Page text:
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Chris Weidman fights opioid abuse

Wrestling event tackles drugs, vaping


Baldwin native Chris Weidman said he understands how people can become addicted to painkillers. Weidman, a former UFC middleweight champion, has been prescribed many pills after fights and surgeries.

“You end up having to use these painkillers just to feel good,” he said. That addiction, he added, has led many people to find a cheaper, though much more dangerous, alternative: heroin, a drug that has caused thousands of deaths on Long Island since 2010.

“I can kind of understand where people start heading down that wrong path,” Weidman said. “I can feel that slippery slope where if you really start indulging . . . how it can end up in an addiction to painkillers and, eventually, heroin.”

But there’s one thing that’s kept Weidman grounded and off drugs — wrestling. He started wrestling in Baldwin in first grade, and in high school he became a state champion and an All-American.

The sport taught him how to cope with stressful situations that other people might use drugs to escape from, he said. “Life is tough,” he said, “so they try to run away from it, and their escape is drugs. Wrestling teaches you to face adversity and not be afraid to fail.”

Last Saturday, Weidman sought to teach that lesson to more than 100 children who attended the inaugural Wrestling Takes Down Drugs Day at Nassau Community College in Garden City. The initiative, sponsored by the Nassau County Police Department and the Wantagh-based Friends of Long Island Wrestling, promotes the sport and spreads awareness of the dangers of drug use.

“I’m super pumped to have an impact on kids,” Weidman said, “and hopefully be able to make a difference.” The event was targeted at young children in youth wrestling programs across Nassau County.

“We’re really excited for the kids and the message they’re going to get,” said Friends of Long Island Wrestling board member Kevin Murphy, who wrestled at Lynbrook High School and now coaches the school’s team. “We really want them to know the simple message that you can’t get addicted to drugs if you don’t try them in the first place.”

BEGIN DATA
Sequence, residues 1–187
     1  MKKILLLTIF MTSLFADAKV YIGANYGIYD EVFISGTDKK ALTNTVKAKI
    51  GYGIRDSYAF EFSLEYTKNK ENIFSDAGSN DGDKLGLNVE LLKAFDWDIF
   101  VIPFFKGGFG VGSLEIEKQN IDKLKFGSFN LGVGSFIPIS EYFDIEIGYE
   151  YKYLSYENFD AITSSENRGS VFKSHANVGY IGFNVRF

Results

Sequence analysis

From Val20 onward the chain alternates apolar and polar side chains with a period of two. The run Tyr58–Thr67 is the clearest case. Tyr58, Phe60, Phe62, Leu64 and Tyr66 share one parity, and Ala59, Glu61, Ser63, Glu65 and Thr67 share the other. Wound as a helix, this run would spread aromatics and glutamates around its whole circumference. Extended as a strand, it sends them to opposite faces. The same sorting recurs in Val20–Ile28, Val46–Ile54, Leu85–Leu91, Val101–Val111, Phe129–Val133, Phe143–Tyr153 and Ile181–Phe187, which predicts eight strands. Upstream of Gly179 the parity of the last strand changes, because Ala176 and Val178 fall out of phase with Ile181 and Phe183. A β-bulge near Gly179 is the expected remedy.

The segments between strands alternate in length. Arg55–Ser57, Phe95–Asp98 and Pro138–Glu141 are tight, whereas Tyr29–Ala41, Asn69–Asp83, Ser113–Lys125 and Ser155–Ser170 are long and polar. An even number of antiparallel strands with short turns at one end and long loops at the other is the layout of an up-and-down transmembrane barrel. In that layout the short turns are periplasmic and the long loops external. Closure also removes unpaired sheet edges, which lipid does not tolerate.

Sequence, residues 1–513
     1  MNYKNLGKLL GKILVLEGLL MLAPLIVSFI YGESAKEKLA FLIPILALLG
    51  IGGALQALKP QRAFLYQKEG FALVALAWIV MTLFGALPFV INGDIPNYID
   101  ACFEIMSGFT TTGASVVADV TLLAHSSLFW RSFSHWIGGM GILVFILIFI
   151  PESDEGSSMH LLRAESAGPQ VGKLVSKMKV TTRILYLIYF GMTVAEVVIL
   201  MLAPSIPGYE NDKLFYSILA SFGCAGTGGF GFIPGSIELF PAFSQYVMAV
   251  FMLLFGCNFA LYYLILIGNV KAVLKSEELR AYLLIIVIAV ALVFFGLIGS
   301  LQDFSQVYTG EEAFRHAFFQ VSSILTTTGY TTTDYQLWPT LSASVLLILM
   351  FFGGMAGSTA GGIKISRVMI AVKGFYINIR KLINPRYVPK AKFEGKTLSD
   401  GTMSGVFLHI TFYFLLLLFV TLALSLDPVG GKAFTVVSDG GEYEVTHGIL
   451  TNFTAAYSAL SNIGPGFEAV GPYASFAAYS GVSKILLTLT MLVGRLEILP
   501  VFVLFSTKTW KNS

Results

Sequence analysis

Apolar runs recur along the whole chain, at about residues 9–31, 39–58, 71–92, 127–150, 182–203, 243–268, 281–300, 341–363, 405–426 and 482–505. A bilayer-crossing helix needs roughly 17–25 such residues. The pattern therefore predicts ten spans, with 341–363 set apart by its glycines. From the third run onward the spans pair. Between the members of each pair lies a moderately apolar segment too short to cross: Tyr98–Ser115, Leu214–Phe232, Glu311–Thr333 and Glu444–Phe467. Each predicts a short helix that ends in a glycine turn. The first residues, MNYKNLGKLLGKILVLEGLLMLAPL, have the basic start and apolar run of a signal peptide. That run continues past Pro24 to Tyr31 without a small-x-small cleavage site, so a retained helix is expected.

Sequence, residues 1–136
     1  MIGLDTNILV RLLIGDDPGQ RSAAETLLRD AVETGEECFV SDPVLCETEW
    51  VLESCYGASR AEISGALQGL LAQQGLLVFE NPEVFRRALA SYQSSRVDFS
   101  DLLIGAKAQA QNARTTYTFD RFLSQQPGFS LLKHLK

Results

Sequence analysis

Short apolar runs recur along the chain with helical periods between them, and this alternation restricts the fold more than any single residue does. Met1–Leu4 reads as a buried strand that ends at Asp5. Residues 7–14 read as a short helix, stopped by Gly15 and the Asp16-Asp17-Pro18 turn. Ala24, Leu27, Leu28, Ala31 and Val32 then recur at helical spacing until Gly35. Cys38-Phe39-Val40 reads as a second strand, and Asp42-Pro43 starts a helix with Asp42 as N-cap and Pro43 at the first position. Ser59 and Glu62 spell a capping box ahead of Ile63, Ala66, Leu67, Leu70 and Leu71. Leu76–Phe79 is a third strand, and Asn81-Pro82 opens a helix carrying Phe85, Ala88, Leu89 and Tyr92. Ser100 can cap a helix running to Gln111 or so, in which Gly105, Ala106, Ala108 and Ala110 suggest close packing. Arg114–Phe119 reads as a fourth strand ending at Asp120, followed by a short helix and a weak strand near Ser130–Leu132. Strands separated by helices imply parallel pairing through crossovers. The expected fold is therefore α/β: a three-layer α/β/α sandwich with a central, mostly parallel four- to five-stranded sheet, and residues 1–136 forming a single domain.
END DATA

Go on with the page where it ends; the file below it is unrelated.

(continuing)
Throughout the two-hour event, NCPD officers spoke of the dangers of opioids and smoking (including e-cigarette use), and drug-abuse experts told the crowd about some of the warning signs of drug use. Someone is probably using opioids, the experts said, if the pupils of his eyes have contracted, there are bruises or marks on his arms and he is in a state of euphoria or is very drowsy.

Steven Dodge, an Oceanside High School graduate and a former drug addict, spoke about how recovery is possible if you do become addicted. “You can get help,” Dodge, a member of the Rockville Centre Coalition for Youth, told the crowd.

In between speeches, Weidman and other wrestlers demonstrated moves that the children were able to practice on one another. This year’s Nassau County high school wrestling champions in every weight classes gave one such demonstration after they were awarded certificates by the Police Department.

Murphy said that Friends of Long Island Wrestling has raised money for anti-drug causes in the past, but the group wanted to do more. In an effort to spread awareness of the danger of drugs to a larger audience, Murphy called on one of his former Lynbrook High wrestling teammates — NCPD Commissioner Patrick Ryder.

“Kevin said, ‘I want to go after the kids and teach them the dangers about drugs,’” Ryder recalled. The two also had a personal connection to the opioid crisis. Five years ago, their high school wrestling coach, Larry Glenz, lost his son Kevin to a heroin overdose. “[Glenz] could challenge you and motivate you to do anything,” Ryder said, “but he couldn’t motivate his son off drugs. That’s how addictive this stuff is.”

Murphy, like Weidman, said that wrestling is a great way to teach kids that they don’t need drugs to get through life. “It builds self-esteem; it helps you deal with things,” he said. “It’s almost the antidote to why teens try drugs in the first place.”

Ryder said he looked forward to other sports organizations holding similar events in the future. “We’re going to have lacrosse takes down drugs, baseball takes down drugs, football takes down drugs . . .,” he said.